03 April 2012
On Friday night, I dreamt of my mother. My last dream with her was terrifying, a nightmare like those of childhood, the kind where the waking world is so close but nothing in your small body can will you out of Hades' domain.
On Friday night, my mother sat propped on pillows in Nana Hannah's bucket chair, the one covered in apricot and violet and wedgewood blue Henri Rousseau palms. I was going through her closet, pulling out sweaters, jeans, work shirts and she sat there sick, but smiling, sick, but at peace, and she said to me, "It's okay, after today, I won't need that" and I said, "You're really okay, aren't you?" and she smiled and said "I am. I'm really okay." Over and over I told her, "Nothing makes me happier than knowing that you are okay."
The Rabbi told Petey that he never saw anyone go through the dying process with as much grace as my mother, and when Petey told me, I smiled and felt so proud to be her daughter. My mother lived with cancer for eight years - she lived through cancer, she wound around and above cancer like a magic flute. Until it was time to start dying, she lived, and when it was time to allow death into our home, she did knowing that her dash was as big and joyous and full of love as was possible: she had done that rarest of things - she had lived life to it's fullest. When she was still able to sit on the couch by the bay window, in our house by the bay that was always full (sometimes too full, but she was so loved), I could see her hover between two worlds, between the temporal world of her children, Petey and his sons, her brothers, her grandchildren, her friends, her nieces and nephews, and the world where her parents were (she felt her toes tingle, they were touching her, bringing them to her in the beauty of return and golden light and an old home made new). There were times that she didn't seem to see us, where my presence didn't call forth her smile, and it broke my heart, but I knew my mother had to begin letting go from the world she ate like a brownie sundae, and that gave me peace, for I did not want her to be afraid or be too sad to leave us. I needed her to know we would be okay, and Mom, we miss you does not suffice, but we are okay.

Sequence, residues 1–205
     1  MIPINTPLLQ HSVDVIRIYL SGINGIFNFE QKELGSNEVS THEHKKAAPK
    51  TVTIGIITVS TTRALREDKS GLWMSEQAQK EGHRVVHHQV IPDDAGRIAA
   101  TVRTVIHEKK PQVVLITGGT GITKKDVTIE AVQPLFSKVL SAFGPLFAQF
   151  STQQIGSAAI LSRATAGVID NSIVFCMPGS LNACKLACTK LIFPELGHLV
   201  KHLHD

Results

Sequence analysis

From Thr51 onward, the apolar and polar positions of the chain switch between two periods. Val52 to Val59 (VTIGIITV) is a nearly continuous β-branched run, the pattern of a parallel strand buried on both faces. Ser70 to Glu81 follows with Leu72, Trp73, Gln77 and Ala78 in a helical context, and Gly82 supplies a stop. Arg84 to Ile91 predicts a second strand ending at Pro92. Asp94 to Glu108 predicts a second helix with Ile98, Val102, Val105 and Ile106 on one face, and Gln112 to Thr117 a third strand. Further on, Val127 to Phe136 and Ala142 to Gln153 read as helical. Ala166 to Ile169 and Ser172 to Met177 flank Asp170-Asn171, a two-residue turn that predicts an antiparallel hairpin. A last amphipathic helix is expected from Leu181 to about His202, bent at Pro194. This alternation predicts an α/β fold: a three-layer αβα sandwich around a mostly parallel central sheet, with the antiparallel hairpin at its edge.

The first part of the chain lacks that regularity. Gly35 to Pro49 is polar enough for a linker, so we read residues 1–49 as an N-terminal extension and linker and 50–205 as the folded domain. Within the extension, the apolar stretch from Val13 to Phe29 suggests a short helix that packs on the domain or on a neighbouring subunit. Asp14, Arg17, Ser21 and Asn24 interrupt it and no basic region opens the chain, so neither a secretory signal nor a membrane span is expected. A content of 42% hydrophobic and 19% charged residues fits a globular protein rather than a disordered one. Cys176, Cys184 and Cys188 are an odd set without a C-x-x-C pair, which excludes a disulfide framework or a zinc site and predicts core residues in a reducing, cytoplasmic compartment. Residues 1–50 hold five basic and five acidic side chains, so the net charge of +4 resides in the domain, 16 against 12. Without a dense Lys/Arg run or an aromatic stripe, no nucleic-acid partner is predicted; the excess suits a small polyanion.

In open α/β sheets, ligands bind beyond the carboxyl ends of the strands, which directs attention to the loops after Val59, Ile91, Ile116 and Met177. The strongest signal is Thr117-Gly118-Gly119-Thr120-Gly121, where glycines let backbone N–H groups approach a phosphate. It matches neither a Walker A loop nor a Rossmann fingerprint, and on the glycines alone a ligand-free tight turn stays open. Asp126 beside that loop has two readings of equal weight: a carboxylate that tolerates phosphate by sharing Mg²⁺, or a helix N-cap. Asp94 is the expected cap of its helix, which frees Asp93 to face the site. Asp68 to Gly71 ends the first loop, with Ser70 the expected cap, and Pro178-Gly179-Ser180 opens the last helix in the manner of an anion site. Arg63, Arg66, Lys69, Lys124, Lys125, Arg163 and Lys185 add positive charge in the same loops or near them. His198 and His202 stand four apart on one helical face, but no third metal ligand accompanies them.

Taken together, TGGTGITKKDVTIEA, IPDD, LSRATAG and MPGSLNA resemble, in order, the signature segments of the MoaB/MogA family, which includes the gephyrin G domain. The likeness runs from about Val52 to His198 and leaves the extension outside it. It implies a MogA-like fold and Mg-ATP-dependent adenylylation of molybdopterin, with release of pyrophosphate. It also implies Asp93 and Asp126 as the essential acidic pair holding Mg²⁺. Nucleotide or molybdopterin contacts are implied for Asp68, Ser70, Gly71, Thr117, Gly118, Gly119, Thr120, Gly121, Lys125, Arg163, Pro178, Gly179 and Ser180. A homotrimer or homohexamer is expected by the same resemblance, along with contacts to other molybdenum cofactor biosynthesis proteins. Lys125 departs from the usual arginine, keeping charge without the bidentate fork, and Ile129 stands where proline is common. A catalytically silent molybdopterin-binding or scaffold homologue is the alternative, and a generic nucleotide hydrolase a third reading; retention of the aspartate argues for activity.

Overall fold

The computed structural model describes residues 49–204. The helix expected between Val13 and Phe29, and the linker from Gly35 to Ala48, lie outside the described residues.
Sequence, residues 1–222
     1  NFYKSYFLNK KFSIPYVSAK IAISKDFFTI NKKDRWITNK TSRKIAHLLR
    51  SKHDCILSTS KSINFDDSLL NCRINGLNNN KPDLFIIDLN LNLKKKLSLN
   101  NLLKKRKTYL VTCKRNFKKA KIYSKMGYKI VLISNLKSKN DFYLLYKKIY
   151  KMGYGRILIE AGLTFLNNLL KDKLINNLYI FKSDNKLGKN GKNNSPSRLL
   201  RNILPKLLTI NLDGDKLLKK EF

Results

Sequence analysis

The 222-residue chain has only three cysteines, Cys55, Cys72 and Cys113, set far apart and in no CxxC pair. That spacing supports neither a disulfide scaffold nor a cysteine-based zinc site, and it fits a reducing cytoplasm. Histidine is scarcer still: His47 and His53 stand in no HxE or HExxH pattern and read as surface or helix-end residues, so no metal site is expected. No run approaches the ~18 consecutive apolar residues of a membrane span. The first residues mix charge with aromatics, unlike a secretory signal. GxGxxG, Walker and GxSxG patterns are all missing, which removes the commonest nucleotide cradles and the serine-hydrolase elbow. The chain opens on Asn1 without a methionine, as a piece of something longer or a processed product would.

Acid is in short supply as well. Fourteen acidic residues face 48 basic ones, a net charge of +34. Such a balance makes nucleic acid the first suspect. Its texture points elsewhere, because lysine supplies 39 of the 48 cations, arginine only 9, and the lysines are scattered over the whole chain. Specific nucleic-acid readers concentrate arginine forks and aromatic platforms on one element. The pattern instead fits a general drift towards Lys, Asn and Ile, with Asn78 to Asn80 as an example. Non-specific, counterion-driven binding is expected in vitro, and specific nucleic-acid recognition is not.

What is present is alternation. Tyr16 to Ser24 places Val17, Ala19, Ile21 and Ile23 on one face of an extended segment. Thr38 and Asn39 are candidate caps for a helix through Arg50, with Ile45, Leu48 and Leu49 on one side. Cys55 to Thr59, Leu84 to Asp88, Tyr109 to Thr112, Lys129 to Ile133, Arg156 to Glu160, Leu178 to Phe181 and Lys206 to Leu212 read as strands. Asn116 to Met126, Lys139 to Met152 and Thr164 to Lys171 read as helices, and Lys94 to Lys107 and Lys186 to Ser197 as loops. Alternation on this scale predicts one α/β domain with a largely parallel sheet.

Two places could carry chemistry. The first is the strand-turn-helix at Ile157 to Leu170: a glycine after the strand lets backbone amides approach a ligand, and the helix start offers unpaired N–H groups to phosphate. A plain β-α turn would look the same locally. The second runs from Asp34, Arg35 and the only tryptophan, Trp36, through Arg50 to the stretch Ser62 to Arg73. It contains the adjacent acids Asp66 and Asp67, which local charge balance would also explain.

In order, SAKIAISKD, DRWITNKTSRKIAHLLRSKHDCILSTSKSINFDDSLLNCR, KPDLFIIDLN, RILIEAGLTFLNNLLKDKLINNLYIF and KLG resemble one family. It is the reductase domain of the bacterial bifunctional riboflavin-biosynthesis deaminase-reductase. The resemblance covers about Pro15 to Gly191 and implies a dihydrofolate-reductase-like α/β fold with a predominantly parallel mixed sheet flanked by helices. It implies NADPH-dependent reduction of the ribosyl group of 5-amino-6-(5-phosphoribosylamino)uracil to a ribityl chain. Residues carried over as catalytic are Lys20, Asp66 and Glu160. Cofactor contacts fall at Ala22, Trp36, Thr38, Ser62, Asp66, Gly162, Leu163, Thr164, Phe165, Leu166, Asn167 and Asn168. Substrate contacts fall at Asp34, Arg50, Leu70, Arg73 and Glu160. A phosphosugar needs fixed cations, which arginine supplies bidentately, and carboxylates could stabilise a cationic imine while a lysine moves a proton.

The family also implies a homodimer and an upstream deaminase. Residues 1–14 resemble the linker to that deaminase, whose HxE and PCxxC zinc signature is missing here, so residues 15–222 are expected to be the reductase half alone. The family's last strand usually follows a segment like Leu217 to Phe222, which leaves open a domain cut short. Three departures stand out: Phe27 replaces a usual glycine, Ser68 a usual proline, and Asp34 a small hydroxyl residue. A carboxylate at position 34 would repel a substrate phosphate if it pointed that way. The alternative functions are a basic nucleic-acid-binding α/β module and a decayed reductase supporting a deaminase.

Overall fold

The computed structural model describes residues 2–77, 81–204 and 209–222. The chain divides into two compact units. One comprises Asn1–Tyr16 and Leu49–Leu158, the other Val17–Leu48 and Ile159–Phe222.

On Friday night, in my dream, my mother gave me a gift (for she was): she is okay. It is okay for us to sell the house, it is okay for us to give her clothes away, it is okay for time to move on.
Today is our first wedding anniversary. Like L. said, "Sadness will roll in with the tides of mundane memories, with holidays, with realizations about the lack of phone calls. Unfortunately, it will eventually come." The phone did not ring this morning. My mother did not call. Time is moving on. You cannot push against an ocean.